“A rollicking, page-turner of a book... no ordinary piece of investigative journalism… Ronson’s storytelling skills are strong enough to enliven even the necessary reflections that would be one yawn after another if entrusted to a lesser writer.” -- San Francisco Chronicle

“…A book that manages to be as cheerily kooky as it is well-researched.” -- Los Angeles Times

“Engagingly irreverent…” -- New York Times

“[A] fascinating and humane book…” -- Washington Post Book World

“…Both terrifying and hilarious.” -- O, The Oprah Magazine

Product Details

  • File Size: 659 KB
  • Print Length: 272 pages
  • Page Numbers Source ISBN: 1594488010
  • Publisher: Riverhead (May 12, 2011)
  • Sold by: Penguin Group (USA) LLC
  • Language: English
  • ASIN: B004XFYWC0
  • Text-to-Speech: Enabled
  • X-Ray:
  • Lending: Not Enabled
  • Amazon Best Sellers Rank: #13,962 Paid in Kindle Store (See Top 100 Paid in Kindle Store)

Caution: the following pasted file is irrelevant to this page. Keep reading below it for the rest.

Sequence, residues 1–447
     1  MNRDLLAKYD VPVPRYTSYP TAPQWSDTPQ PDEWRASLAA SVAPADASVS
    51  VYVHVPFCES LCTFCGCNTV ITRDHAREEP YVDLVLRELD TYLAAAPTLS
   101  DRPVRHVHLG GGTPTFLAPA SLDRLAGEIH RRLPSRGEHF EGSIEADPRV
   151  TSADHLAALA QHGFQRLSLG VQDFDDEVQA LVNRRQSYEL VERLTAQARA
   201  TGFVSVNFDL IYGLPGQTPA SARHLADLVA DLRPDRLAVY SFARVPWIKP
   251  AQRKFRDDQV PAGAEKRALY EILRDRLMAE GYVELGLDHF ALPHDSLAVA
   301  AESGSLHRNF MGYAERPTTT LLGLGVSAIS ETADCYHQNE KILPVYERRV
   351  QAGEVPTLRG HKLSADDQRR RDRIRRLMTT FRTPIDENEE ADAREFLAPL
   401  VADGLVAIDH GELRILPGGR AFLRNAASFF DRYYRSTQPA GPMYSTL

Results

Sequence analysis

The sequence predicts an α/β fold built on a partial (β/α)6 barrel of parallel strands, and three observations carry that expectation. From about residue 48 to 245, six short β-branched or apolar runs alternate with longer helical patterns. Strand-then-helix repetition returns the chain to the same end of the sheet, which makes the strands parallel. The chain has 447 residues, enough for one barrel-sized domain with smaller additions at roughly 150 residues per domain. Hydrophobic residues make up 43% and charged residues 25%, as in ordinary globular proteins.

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Customer Reviews

Most Helpful Customer Reviews
532 of 572 people found the following review helpful
5.0 out of 5 stars A Serious Topic Tackled with Humanity May 12, 2011
Format:Hardcover
'People who are psychopathic prey ruthlessly on others using charm, deceit, violence or other methods that allow them to get what they want. The symptoms of psychopathy include: lack of a conscience or sense of guilt, lack of empathy, egocentricity, pathological lying, repeated violations of social norms, disregard for the law, shallow emotions, and a history of victimizing others.'
- Robert Hare, Ph.D

I've been hooked on Jon Ronson's writing since 'The Men Who Stare at Goats' was first published. Ronson cuts right to the heart of important topics by having the guts to ask the difficult questions. His literary style is equal parts journalistic rigour, deep compassion and incisive observational humour that often shines the light of ridicule on darker human behaviours. 'The Psychopath Test' explores psychiatry, psychopathology, medication and incarceration of 'dangerous' individuals. The book reads like a mystery novel, which - driven by Ronson's compelling prose - makes it difficult to put down.